*Disclaimer: The author, like Kshama Sawant, is a member of Socialist Alternative.*
Seattle Councilmember Kshama Sawant attended a fundraiser for her campaign at the All Souls Unitarian Church in New York City on May 31st.
Sawant, who represents District 3, currently is in her first term as a member of the Seattle City Council after her victory in 2013 against Democrat Richard Conlin. She is best known for her efforts in pushing for the $15 per hour minimum wage, which was passed by the City Council last year.
Journalist Chris Hedges, activist and Socialist Alternative member Eljeer Hawkins and former Green Party Gubernatorial candidate Howie Hawkins attended the event to support Sawant.
Howie Hawkins began the event by discussing is own candidacy last year when running for Governor of New York State and how Sawant supported him at Hawkins’ own fundraiser. In addition, he emphasized how it was vital for Sawnat to win in Seattle to ensure other third-party candidates across the U.S. are able to build-off the success of her campaign.
“That’s what this election is so important. Kshama needs to win so we can have credibility as a progressive, independent movement,” Hawkins said.
Hawkins noted how the Democrats would prefer to see Sawant lose in order to incorporate independent movements into the party. He pointed at a comment by a Workers Families Party member who wrote it would be better to see a Tea Party Republican win than Hawkins.
“Their whole point is to prevent independent politics. That’s what the Democratic Party really wants to do,” Hawkins said.
Eljeer Hawkins, an activist, spoke next about the poor conditions throughout the world and why it was still important to not only mobilize, but organize as well. Moreover, he focused on the rise of SYRIZA in Greece and Podemos in Spain.
“We must always remind ourselves we are part of a global majority,” Hawkins said.
Moreover, Hawkins emphasized the successes Sawant pushed for, including the Fight for 15, in Seattle.
“Kshama Sawant has done more in one year than most politicians have done in two or three terms,” Hawkins said.
Hedges was introduced next and highlighted the successful “corporate coup d’etat” in the U.S. Although, Hedges spoke there was still an opportunity to change the country.
“The only response, if we are going to recover a country that does not slip into a corporate, oligarchy tyranny…is if we overthrow the system,” Hedges said. “Let me repeat that word in case anyone from Homeland Security is here and that’s overthrow.”
Earlier this year, Hedges wrote a piece for Truthdig on Sawant where he called her the “Most Dangerous Woman in America.” He wrote how “Sawant’s fight is our own.”
A month ago, Hedges said he was in Montana when New Jersey’s Department of Correction contacted him to say prisoners held a sit-down strike. The organization believed, to his amusement, Hedges was behind it.
“Like those prisoners, we must revolt. We are not fighting for what we will accomplish, but who it allows us to become,” Hedges said.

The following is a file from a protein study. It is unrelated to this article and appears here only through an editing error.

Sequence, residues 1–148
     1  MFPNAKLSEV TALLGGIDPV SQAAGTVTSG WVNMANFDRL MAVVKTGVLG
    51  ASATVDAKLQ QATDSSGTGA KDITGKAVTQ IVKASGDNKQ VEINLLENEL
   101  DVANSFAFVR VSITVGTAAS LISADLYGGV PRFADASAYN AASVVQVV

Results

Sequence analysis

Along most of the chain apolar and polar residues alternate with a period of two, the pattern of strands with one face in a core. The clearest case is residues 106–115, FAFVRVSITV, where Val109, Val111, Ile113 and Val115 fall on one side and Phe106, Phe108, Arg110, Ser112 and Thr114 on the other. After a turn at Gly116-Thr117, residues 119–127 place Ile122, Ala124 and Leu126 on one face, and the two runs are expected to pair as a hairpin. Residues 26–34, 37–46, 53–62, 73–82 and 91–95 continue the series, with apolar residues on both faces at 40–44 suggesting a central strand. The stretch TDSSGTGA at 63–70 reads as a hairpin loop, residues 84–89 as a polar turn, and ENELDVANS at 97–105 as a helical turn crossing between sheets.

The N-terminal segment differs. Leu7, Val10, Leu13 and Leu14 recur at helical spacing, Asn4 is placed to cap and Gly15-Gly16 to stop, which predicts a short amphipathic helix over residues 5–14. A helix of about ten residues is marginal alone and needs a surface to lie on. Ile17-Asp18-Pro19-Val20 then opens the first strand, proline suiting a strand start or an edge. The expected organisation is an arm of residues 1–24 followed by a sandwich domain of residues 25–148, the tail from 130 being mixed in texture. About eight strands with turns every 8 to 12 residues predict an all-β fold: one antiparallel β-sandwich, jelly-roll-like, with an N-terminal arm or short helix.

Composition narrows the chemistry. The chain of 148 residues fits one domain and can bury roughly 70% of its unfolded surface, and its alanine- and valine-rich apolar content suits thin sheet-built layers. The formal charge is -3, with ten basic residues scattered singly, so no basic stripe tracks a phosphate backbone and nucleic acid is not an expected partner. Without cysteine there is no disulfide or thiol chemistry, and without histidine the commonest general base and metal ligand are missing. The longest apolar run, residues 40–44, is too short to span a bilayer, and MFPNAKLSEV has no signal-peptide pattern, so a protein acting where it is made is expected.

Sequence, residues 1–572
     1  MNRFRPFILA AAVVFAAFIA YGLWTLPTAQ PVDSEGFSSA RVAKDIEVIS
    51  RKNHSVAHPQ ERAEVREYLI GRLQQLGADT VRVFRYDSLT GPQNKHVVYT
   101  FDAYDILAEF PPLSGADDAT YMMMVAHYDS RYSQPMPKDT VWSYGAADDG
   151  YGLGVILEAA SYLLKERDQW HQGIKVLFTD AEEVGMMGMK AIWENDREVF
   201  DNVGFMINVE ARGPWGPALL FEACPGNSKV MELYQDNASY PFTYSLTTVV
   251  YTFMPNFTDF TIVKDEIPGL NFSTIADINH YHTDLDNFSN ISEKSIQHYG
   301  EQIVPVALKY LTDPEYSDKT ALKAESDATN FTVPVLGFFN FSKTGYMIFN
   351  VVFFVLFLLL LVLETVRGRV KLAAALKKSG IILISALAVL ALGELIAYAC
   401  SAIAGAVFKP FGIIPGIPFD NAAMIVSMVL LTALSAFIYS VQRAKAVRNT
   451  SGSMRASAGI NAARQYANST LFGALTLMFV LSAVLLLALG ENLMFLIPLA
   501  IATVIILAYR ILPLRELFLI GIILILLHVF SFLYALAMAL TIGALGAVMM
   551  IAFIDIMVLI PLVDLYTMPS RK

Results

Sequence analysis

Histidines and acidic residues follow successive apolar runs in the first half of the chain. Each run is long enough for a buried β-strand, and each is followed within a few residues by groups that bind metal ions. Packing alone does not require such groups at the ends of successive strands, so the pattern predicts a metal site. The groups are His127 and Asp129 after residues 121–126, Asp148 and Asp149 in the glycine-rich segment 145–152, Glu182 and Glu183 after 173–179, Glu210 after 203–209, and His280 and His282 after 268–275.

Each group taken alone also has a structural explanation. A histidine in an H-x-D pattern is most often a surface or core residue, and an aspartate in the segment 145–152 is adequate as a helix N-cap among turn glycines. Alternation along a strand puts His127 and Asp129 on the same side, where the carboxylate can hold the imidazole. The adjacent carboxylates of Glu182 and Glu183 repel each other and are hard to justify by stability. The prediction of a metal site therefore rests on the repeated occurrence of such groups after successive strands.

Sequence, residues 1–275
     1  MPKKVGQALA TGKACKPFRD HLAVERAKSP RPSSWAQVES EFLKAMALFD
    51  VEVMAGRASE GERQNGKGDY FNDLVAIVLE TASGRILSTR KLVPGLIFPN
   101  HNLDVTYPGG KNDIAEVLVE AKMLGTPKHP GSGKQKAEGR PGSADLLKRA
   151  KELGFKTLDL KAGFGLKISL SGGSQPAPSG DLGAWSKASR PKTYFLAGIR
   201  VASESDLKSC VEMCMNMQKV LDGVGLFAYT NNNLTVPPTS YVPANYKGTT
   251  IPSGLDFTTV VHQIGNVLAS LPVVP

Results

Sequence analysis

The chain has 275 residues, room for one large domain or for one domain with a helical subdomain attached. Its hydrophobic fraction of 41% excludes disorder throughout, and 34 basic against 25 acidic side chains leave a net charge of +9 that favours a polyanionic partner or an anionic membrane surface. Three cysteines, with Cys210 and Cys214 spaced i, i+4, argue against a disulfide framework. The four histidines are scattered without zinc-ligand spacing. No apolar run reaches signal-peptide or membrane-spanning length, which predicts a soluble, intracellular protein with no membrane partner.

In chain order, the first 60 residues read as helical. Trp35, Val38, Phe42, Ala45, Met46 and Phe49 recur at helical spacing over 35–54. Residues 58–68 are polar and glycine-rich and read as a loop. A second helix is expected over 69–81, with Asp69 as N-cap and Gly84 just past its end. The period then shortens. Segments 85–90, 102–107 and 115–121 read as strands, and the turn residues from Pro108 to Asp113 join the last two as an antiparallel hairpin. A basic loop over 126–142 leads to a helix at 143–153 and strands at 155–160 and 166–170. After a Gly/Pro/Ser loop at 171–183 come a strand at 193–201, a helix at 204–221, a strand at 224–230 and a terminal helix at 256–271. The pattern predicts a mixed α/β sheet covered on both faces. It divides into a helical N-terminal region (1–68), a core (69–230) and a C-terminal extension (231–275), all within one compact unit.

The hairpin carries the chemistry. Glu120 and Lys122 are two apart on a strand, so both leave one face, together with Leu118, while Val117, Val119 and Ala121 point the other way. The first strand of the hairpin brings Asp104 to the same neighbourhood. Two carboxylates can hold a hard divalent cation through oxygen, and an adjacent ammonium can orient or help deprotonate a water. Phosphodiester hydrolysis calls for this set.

Sawant spoke last and it should be noted her presence in New York City was criticized by Pamela Banks, president of Urban League in Seattle and one Democratic contender against Sawant, for leaving Seattle and missing public testimony on transportation.
Meanwhile, a separate fundraiser in Seattle for Banks was created over the same weekend. In fact, her campaign told “supporters that hefty out-of-state donations were going to be coming in from top-tier-donor counterparts from around the country who are antsy about Sawant’s growing influence in a prominent city like Seattle—and they don’t want her to be reelected.”
Sawant focused part of her speech on the changes since her successful campaign against Conlin in 2013, especially with the word “socialism.”
“But we have shown that socialism is not a dirty word for those generations that did not grow up in the propaganda of the Cold War. As a matter of fact, capitalism is a dirty word for many of us,” Sawant said.
Furthermore, Sawant highlighted how people in areas like Vancouver or New York City, there are efforts underway to deal with issues like housing.
“So many people are fed up and are willing to fight,” Sawant said.
Overall, Sawant stressed how there were forces ensuring her defeat as she presented a threat to the two-party system. Yet, she felt, if re-elected, it could assist in inspiring other groups to run in their areas without the banner of the Democrats.
“If we prevail this year—in the face of the attack by the ruling class—[then] that will send a powerful message to working-class and the labor movement everywhere of the possibilities of independent left politics and completely breaking from the Democratic establishment,” Sawant said.
Sawant will appear at a re-election rally in Seattle on June 6 featuring not only Hedges, but speakers such as 2012 Green Party presidential candidate Jill Stein and Washington state Senator Pramila Jayapal.
*For the interest of fairness, I posted the four speeches below. Apologies for the mediocre quality. I used Audacity to the best of my ability to fix it. If any reader believes a clip needs to be refined more, I will do so.